CLINTON—The Clinton City Council turned over ownership of the former Taylor Magill Hotel Monday to a preservation group hoping to return the hotel to its early history as an anchor for downtown Clinton.
After months of back and forth negotiations, the council voted unanimously to approve a redevelopment agreement with the DeWitt County Restoration Association. The agreement gives the preservation group the ownership it needs to seek private and public funding for an estimated $6 million in renovations.
The hotel came into public hands several years ago when the city purchased the three-story building for $10,000 from an undercapitalized owner.
Terry Ijams, spokesman for the preservationists, said the council action will set several things in motion for the project.
"As soon as the title work is complete, we can begin work to secure the building. Work on the grants will be going on, too," said Ijams.
A grant application for funds to stabilize the west wing of the building is set for submission today, according to association members. The west wing is the newest section of the hotel and has seen significant deterioration in recent years. Discussions between the city and association have included a partial or complete removal of the west wing.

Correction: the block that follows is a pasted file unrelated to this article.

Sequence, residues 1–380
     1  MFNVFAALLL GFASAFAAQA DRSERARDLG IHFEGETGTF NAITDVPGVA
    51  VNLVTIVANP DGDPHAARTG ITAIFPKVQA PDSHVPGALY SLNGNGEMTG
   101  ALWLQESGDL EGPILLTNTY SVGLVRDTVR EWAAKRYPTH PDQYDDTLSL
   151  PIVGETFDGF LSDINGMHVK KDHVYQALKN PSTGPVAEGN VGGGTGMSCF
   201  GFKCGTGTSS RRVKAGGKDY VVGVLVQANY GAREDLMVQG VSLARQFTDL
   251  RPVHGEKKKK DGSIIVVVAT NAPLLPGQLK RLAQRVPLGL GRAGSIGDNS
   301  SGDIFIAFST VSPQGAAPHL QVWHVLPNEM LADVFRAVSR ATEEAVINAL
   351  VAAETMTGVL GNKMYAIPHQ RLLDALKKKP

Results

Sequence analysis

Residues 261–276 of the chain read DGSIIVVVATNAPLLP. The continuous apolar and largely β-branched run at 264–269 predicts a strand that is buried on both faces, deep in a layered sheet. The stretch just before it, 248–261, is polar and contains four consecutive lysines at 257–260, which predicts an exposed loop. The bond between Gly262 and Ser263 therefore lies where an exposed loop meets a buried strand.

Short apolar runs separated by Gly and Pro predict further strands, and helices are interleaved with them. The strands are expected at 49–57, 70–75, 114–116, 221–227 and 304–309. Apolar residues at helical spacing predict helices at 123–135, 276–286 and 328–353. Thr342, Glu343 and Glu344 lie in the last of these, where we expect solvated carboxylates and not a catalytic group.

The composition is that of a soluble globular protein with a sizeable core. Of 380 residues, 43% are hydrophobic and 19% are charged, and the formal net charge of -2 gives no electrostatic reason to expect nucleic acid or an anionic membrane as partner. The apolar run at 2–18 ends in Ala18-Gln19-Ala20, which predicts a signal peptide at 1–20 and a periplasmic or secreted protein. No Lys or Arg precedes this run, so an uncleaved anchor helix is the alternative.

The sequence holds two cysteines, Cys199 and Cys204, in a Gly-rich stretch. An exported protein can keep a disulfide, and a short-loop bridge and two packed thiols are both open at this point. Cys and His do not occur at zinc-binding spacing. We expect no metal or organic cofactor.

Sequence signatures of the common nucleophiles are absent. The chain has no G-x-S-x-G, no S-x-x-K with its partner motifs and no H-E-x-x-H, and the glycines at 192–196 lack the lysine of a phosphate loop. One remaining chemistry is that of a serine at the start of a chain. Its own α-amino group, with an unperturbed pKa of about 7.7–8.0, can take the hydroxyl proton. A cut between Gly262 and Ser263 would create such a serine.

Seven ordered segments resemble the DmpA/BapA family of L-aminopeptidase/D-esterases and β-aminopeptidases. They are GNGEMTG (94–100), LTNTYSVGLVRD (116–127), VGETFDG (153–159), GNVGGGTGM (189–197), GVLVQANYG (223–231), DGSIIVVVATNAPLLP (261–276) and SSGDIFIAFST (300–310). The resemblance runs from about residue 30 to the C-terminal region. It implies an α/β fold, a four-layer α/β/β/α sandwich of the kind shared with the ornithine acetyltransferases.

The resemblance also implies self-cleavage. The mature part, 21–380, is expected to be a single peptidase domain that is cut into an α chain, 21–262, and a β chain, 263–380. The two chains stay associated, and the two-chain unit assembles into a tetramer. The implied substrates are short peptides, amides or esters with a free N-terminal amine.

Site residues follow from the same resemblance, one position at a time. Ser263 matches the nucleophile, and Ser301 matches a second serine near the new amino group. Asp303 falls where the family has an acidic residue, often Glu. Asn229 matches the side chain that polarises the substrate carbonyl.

One of the first orders of business will be to board up missing windows in the historic building. The association will meet Wednesday to finalize an initial work plan. The title could be transferred within 10 days.
Several developers in St. Louis and one in Ohio have expressed interest in visiting the hotel site. A final agreement between the city and the association was viewed by preservationists as a key element in bringing potential developers to Clinton.
Mayor Roger Cyrulik said after the council session that the agreement represents the best assistance the city can offer to the project.
"The council has done everything we can do and still protect the taxpayer on the other end of the line," said Cyrulik.
Final approval of an agreement was delayed several times as the two sides debated how public funds could be made available for the project. The city collects tax increment financing funds for the project. City commissioners were concerned that the TIF money remain available for demolition of the hotel if development efforts fail. Association members asked they be allowed to access an estimated $350,000 in TIF money to shore up or demolish the west wing.
The final agreement includes provisions that will allow a developer to be reimbursed for construction costs with TIF funds. Specific conditions for public funding of west wing work also are a part of the agreement. If the west wing collapses before April 1, 2006, the association has the option to return the hotel to the city for demolition.